4. Executes the package

5. Creates the package

6. Uploads the package to Azure

7. Deploys the package to Azure

8. Runs any start up tasks specified in the service definition file if any.

9. Finally it runs the deployment and starts up the Web Roles.

The deployment time will vary depending on factors such as the size of the solution deployed and network bandwidth.

Sitecore Azure dialog displays the status messages indicating the progress of the deployment all the way up when all Web Roles have finished starting up to 100.00 %.

Once deployment is done, you will be able to see the green globe of Delivery05  in the Sitecore Azure dialog as below. This means the Delivery Farm has started successfully and is running.

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Turning over to your Azure Management Portal whereby Sitecore Azure is linked to your account subscription via the Management Certificate Trust, you will be able to view the Staging Deployment Slot. For example, Delivery05 delivery slot is created as below.

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Microsoft Azure permits up to a 100 farms per region. In real life, you will not be deploying as many as that into a production setting. So please be prudent about this choice. Note the more farms you have, the higher costs incurred upon you by Microsoft.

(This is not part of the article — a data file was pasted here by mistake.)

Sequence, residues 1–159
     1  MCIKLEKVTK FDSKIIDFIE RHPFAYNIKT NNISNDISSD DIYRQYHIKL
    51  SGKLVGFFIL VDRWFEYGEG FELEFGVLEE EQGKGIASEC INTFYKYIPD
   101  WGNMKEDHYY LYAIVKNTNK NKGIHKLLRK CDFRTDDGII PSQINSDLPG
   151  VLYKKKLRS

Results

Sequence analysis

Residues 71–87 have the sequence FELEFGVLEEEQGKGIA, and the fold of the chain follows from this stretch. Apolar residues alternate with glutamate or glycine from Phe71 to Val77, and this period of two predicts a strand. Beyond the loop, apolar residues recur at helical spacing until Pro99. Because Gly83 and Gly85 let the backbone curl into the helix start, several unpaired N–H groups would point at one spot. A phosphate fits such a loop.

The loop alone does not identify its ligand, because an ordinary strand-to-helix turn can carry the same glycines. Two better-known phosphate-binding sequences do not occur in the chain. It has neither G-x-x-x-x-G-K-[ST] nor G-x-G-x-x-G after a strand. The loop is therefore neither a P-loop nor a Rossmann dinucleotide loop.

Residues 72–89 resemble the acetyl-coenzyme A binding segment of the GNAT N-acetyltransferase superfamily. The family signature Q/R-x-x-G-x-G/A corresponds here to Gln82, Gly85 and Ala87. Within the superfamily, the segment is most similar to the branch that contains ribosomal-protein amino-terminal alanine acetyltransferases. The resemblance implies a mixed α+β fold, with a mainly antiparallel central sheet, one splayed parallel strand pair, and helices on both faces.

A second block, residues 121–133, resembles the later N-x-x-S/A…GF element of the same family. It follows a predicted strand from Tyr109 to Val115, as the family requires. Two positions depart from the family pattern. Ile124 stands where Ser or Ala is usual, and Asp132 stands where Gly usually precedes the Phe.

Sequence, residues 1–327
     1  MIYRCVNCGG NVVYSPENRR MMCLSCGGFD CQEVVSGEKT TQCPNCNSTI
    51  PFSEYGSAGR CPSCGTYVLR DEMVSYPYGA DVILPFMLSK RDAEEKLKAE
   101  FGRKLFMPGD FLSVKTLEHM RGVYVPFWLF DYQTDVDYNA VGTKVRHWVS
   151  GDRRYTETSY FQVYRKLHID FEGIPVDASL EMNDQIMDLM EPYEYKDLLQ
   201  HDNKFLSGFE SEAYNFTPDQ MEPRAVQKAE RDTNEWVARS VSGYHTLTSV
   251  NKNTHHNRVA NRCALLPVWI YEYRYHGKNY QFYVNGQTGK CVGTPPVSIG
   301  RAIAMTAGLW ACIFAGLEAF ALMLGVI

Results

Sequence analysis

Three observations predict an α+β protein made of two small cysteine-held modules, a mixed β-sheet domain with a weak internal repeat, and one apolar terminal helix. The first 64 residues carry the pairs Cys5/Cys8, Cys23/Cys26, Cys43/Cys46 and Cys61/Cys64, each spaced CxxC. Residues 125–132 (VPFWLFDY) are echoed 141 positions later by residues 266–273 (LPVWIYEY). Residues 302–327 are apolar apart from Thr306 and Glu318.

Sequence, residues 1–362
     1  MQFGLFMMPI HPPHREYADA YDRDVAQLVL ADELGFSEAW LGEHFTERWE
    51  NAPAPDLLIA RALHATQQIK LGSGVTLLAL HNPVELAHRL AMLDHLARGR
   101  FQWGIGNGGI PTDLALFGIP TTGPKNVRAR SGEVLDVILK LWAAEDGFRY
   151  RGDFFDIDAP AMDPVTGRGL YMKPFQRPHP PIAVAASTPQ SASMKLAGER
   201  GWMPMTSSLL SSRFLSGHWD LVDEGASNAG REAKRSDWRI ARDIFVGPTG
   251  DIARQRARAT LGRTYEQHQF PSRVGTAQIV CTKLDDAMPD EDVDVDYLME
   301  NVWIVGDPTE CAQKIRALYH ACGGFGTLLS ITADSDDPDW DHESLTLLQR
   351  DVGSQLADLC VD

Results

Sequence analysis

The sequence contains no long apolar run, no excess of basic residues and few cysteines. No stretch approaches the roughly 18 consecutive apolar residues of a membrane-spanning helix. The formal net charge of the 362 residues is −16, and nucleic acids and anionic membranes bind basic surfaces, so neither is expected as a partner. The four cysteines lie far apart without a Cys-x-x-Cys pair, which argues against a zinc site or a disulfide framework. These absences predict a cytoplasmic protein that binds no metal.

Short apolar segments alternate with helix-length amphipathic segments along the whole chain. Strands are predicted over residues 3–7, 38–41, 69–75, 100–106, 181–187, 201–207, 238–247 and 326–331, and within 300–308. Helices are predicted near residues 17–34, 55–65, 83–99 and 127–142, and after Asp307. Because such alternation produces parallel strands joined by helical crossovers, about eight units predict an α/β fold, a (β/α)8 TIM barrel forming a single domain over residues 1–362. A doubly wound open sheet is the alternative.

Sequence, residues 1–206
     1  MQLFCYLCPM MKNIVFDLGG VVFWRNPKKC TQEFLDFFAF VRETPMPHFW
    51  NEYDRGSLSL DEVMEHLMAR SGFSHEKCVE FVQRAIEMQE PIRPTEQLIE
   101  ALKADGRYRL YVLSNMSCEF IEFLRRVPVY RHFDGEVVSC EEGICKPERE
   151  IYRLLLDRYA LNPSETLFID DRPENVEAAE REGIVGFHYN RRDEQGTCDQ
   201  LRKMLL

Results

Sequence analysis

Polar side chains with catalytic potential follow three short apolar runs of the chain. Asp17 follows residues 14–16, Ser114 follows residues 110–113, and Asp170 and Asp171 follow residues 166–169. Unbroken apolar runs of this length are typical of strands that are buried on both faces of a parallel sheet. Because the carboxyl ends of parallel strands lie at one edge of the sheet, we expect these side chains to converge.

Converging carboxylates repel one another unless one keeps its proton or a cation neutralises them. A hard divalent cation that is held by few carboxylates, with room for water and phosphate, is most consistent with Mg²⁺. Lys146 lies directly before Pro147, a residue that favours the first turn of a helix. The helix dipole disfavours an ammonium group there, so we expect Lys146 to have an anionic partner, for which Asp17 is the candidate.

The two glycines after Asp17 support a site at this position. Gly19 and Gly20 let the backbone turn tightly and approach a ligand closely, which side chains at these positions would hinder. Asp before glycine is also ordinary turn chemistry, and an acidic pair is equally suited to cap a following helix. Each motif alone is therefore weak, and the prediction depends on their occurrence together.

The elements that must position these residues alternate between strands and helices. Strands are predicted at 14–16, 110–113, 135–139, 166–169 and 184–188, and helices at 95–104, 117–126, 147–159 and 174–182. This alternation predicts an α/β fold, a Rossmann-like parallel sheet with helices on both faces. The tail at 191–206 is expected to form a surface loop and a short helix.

Promoting  a Staging Delivery Farm to a Production Delivery Farm

Once staging is up and running and after the evaluation process is decided, you can easily promote the staging delivery farm to be a production delivery farm. Sitecore Azure offers the Swap in to swap a staging and production deployment by swapping the virtual ip addresses both deployments. This is known as VIP-SWAP. VIP-SWAP incurs no downtime cost and is extremely fast. When a VIP-SWAP is performed, production deployment be swapped in with the previous VIP of staging and hence the staging deployment slot becomes empty and the production deployment slot is replaced by the staging deployment content. This can be seen in Azure Management Portal once the VIP SWAP is done. This blog explains it well (http://blog.toddysm.com/2010/06/update-upgrade-and-vip-swap-for-windows-azure-servicewhat-are-the-differences.html)